Integrated and automated cybersecurity solutions provider Fortinet has advised organizations in the Philippines to make final preparations to abide by the General Data Protection Regulation (GDPR), which took effect on May 25.
This law protects the personal information of all citizens of the European Union (EU) and will be enforced through fines, sanctions, and injured-party compensation.
It is similar to the Data Privacy Act of 2012, which subjects any business located in the country to stringent data protection laws that could cost offending organizations fines and jail time of up to six years.
Industries affected by the GDPR will need to review all business processes involving personally identifiable information (PII) and assess their organizational readiness to meet the 72-hour data breach reporting mandate.
The GDPR finely balances the rights of EU citizens to control their personal data against the responsibilities of organizations to protect that data both in the course of normal operations as well as in the case of data breaches.
Significant new EU personal information protections include the right to explicitly approve personal data usage and a “right to be forgotten,” enabling people to demand that an organization purge any personal data about them.
While businesses and governments with a physical presence in the EU will need to abide by GDPR, it may also apply to firms with significant EU customer or client bases.
Despite the impending deadline, most Asia Pacific businesses serving the EU market or which have significant transactions that capture PII are still not fully prepared.
According to the third biennial EY Global Forensic Data Analytics Survey by Ernst & Young (EY), only 12% of firms in APAC have a GDPR compliance plan in place.
“While GDPR affects private and public sector organizations handling PII, certain key industries will have heightened exposure as a result of the volumes of PII data they handle as well as the nature of their business,” Fortinet regional director for Southeast Asia and Hong Kong Peerapong Jongvibool said.
“These include e-commerce-based organizations operating internationally, as well as companies that serve significant numbers of tourists, visitors, or expatriates from the EU,” he added.
Fortinet said three industries are likely to feel the impact of the GDPR very keenly:
Retail−Retail businesses most likely to curate GDPR-relevant PII data include cross-border e-commerce operations, multi-venue retail chains, hospitality, travel, and F&B businesses. Brick-and-mortar businesses serving EU customers can also find themselves liable to GDPR PII protections. Paying with a credit or debit card, providing shipping address information and participating in a customer loyalty program all fall under the protection of GDPR.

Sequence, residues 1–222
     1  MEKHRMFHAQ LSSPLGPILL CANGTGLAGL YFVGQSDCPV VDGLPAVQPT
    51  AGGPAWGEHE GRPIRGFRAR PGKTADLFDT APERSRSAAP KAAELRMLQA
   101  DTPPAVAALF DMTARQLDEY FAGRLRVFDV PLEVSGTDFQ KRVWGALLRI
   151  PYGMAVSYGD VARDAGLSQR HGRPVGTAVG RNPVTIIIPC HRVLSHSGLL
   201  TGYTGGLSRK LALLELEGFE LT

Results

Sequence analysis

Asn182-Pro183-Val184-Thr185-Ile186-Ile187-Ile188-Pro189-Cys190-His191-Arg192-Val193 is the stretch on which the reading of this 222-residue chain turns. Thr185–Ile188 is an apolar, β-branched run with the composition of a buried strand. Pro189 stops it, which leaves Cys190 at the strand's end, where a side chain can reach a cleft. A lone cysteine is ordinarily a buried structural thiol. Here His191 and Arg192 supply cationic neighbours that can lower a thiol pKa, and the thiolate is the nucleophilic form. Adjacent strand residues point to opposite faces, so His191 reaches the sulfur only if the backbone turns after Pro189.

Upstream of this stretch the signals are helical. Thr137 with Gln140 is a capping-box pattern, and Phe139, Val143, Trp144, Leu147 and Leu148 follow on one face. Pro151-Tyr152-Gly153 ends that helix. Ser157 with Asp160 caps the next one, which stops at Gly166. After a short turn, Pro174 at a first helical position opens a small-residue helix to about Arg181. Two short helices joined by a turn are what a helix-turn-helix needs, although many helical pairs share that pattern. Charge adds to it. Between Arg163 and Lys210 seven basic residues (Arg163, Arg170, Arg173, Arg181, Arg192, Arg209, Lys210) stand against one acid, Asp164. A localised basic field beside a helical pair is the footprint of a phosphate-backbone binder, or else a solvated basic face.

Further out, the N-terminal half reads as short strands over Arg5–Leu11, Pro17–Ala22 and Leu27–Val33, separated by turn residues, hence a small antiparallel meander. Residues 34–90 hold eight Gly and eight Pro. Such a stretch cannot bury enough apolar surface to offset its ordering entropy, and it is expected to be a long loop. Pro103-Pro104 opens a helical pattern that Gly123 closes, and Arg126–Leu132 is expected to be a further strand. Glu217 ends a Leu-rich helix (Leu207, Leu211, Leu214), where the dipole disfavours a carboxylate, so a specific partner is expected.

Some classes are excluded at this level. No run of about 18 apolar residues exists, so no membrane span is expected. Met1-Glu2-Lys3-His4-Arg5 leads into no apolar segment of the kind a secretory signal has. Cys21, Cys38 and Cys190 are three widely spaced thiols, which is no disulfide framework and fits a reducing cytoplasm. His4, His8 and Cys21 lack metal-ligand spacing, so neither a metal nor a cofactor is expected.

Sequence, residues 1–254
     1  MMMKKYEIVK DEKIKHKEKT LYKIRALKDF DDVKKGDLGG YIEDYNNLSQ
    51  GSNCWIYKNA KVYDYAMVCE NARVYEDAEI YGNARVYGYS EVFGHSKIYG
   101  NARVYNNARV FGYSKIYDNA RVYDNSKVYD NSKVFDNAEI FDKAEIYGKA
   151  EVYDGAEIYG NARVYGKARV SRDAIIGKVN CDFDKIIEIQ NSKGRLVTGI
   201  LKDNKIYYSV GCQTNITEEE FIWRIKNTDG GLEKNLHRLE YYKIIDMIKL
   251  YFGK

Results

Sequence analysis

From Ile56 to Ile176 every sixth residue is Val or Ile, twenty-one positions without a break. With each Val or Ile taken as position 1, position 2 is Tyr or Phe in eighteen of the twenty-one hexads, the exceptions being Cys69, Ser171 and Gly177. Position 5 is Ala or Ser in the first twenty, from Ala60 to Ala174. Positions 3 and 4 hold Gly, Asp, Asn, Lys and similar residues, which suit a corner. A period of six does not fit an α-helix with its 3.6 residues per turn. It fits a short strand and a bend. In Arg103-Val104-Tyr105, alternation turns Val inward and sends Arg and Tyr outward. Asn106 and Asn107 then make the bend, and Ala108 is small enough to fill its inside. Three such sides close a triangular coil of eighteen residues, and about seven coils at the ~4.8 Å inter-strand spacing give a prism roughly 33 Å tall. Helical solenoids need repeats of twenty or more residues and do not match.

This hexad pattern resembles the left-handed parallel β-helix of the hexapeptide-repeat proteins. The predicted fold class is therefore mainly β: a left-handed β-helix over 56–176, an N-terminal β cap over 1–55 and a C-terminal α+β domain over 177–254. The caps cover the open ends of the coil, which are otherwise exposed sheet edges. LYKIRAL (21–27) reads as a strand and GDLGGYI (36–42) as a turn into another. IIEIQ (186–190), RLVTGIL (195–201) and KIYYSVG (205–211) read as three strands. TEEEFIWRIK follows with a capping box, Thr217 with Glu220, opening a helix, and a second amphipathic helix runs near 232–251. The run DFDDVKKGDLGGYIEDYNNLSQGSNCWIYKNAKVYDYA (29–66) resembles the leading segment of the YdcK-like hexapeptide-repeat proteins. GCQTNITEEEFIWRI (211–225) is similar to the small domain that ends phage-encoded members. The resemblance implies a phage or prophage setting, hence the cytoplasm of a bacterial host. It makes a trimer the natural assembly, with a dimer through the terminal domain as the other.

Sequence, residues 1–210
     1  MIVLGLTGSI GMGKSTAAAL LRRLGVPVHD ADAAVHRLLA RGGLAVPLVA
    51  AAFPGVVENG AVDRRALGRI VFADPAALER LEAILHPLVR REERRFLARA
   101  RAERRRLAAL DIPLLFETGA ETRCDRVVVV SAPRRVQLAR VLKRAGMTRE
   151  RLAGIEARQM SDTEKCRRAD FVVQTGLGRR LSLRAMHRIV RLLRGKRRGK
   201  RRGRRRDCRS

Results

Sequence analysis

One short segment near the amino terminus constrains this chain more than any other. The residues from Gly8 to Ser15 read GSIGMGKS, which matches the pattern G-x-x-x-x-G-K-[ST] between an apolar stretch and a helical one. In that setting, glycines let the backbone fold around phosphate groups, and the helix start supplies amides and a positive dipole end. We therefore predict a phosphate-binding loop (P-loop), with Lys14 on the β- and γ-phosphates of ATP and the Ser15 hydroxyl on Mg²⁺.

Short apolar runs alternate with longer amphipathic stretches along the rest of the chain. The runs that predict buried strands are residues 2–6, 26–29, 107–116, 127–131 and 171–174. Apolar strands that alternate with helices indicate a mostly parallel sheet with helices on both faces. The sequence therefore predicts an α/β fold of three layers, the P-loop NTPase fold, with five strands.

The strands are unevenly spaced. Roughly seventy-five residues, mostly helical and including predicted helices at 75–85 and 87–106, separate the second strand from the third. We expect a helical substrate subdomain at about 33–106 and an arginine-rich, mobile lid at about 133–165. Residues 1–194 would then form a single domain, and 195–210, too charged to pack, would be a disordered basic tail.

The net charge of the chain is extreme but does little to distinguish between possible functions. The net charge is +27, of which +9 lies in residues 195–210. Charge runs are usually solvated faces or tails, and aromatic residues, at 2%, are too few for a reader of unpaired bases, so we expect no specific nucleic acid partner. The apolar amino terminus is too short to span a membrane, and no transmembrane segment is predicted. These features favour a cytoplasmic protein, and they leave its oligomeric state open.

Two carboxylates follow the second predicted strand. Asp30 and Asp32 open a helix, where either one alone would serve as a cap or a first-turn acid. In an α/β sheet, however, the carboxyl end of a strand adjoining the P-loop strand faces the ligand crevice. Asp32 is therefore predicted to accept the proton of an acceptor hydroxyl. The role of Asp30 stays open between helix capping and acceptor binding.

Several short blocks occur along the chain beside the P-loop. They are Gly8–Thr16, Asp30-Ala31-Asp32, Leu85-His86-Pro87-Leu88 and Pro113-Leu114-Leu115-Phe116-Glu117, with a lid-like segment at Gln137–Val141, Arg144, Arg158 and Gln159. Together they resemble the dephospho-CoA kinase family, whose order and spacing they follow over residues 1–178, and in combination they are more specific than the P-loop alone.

Healthcare − GDPR extends its coverage to non-EU organizations storing or processing the medical information of EU persons. GDPR enacts particularly stringent protection and processes for handling particular types of PII medical information. In general, an organization may collect and process personal medical information only if it is necessary for patient treatment and diagnosis, and with the explicit consent of the patient. GDPR also mentions genetic data as an area of particular concern.
Financial Services — Financial organizations often maintain huge stockpiles of PII data on account holders. They also consume and generate vast quantities of highly personal marketing data to support selling financial services and assessing credit worthiness of commercial and individual customers.
Organizations preparing for GDPR must focus on reconfiguring their business processes and IT architectures, as well as reducing exposure of PII data.
Fortinet advises enterprises in the Philippines to take the following steps to accelerate GDPR compliance:
- Engage a third-party firm to assess data protection practices and exposure to GDPR rules.
- Conduct a comprehensive data audit to understand data source, collection and processing. It should include documenting where GDPR-impacted data is stored, how it is communicated between systems within the domain, and any external clouds or third-party data custodians.
- Determine how long it takes for data-breach detection and mitigation and what is required to improve these processes to meet GDPR requirements. This element of the action plan should also include a detailed security assessment.
“At the end of the day, complying with GDPR may well turn out to be the right thing to do to protect the privacy and interests of all stakeholder communities linked to an organization,” Jongvibool said. “As onerous as GDPR might seem, it could mark a big step towards restoring public confidence in the ability of businesses to deliver social benefits while simultaneously curbing social risks.”